Why We Like it
- Large Addressable Market: The addressable market for this drug is applicable to about 350,000 cancer patients. At $8,400 per patient in the USA, that represents $2.94B in gross revenue per year, a very sizeable market opportunity.
- Derisked Drug Asset: OncoStemyx predicts that their timeline to FDA approval is estimated to be 2-3 years since they are just slightly tweaking a 25 year old respected drug compared to the 10-15 year approval timeline for new drugs. No other company have de-risked the toxicity to the patient like OncoStemyx has. Another upside to them using compounds that have been previously approved by the FDA, is it is likely these compounds will continue to receive approval and in the long run, help patients with their debilitating diseases. Other companies who are trying to start from scratch with new drugs will not see success or even results as soon as OncoStemyx so other companies’ inefficiencies will play to the advantage of patient health and revenue potential.
- Opportunity for Acquisition: Pfizer acquired Medivation, a biopharmaceutical company focused on the rapid development of small molecule oncology drugs, for $14B. This acquisition and the 30 other multi-million or billion dollar acquisitions by Pfizer shows that there is no shortage of money being put toward new cancer drugs and strategies which makes it a possibility for a positive acquisition in the future for OncoStemyx.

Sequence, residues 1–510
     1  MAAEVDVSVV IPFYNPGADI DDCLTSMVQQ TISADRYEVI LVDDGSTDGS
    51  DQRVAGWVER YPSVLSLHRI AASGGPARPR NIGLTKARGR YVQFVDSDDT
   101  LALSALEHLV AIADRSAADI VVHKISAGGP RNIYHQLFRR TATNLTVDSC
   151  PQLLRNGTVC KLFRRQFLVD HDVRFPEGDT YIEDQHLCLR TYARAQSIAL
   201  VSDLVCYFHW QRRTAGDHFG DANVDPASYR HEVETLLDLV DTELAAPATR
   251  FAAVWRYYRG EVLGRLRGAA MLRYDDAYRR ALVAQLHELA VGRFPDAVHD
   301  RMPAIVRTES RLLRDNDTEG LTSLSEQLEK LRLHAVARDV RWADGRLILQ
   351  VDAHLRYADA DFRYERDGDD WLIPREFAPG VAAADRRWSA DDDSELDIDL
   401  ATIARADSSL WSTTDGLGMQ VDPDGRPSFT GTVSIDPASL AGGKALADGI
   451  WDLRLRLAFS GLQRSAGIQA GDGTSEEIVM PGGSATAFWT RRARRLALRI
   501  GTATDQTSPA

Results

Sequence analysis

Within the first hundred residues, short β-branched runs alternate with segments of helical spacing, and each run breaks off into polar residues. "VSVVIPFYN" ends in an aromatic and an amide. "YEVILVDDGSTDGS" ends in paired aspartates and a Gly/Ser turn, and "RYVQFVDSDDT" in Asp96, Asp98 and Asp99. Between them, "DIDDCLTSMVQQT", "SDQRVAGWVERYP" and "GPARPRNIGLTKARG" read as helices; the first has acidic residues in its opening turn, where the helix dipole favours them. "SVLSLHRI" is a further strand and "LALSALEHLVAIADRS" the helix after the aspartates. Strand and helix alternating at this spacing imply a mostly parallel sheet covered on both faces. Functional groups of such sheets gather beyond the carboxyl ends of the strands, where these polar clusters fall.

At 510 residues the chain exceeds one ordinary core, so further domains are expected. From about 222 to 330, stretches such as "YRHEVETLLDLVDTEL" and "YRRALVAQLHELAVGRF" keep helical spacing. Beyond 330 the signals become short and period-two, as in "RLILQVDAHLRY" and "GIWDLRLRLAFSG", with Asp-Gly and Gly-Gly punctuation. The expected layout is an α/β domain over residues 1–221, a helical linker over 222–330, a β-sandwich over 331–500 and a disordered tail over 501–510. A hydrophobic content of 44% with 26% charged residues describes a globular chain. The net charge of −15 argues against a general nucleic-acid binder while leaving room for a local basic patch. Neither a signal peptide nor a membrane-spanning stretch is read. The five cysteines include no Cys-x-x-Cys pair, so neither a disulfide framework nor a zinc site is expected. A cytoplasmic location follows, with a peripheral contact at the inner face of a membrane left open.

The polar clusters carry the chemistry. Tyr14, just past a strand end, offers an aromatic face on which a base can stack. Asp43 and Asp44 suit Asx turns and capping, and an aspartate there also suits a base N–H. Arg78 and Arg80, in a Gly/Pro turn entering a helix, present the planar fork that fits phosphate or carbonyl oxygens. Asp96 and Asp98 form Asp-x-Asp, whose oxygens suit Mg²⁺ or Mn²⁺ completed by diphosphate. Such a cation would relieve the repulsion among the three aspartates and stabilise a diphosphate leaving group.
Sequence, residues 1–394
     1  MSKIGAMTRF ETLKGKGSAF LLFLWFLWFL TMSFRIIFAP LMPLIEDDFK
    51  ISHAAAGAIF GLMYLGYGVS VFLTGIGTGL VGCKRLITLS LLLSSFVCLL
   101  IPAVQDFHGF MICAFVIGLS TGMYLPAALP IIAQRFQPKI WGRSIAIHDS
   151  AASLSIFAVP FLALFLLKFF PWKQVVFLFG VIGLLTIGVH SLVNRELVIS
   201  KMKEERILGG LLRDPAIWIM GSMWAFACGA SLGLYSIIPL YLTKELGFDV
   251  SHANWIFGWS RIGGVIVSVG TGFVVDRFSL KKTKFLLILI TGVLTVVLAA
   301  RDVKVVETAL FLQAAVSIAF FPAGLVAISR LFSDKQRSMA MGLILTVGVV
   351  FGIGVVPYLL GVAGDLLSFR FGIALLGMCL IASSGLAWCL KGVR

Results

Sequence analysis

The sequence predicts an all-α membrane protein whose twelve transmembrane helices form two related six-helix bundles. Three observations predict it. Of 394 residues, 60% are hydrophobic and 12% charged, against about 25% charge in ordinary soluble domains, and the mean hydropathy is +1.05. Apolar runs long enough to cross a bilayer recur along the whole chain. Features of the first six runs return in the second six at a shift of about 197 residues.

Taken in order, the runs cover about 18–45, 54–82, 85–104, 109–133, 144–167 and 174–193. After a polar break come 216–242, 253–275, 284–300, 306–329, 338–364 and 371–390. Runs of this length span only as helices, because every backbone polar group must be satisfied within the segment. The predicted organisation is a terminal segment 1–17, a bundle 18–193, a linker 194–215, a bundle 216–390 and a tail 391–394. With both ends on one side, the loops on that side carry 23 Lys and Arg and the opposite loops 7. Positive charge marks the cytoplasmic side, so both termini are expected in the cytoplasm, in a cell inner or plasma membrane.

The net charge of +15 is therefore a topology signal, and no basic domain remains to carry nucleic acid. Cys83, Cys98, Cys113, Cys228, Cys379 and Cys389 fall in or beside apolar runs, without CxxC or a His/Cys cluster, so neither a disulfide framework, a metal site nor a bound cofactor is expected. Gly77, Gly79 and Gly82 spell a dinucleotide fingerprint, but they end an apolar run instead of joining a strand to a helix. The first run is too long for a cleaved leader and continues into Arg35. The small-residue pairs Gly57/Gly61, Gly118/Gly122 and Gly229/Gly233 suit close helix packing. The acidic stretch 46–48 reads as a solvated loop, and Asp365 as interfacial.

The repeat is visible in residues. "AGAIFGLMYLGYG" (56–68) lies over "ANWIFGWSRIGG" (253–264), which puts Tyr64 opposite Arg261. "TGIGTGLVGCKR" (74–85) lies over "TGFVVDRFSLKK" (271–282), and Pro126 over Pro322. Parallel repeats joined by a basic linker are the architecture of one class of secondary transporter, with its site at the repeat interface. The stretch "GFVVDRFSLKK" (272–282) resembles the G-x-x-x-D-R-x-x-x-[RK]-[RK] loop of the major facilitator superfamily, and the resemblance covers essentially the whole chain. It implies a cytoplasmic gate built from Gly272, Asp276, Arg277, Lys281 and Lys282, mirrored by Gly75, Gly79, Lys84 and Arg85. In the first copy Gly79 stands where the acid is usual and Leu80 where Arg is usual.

The Rating: Deal To Watch
OncoStemyx is a Deal To Watch. This team is meeting a real need in the oncology space with a newly formulated drug that has the potential to streamline chemotherapy and OncoStemyx will be better than competing drugs because they are using a previously approved drug that the FDA is familiar with therefore expediting the process of regulation.
With a strong and experienced management team and Phase 1A clinical trials complete, the organization is showing signs of being able to build a prime acquisition target. By being an appealing add on to other chemotherapy treatments in a space ripe for acquisition, OncoStemyx is well positioned for a potential exit.
An obvious concern is that the FDA only approves 3.4% of cancer drugs each year, and the cost to make it through all trials will be in excess of $10M+.
Despite these risks, this presents an exciting investment in an early stage biotech with real opportunity to change the lives of cancer patients, while becoming a large economic powerhouse or acquisition in the oncology space.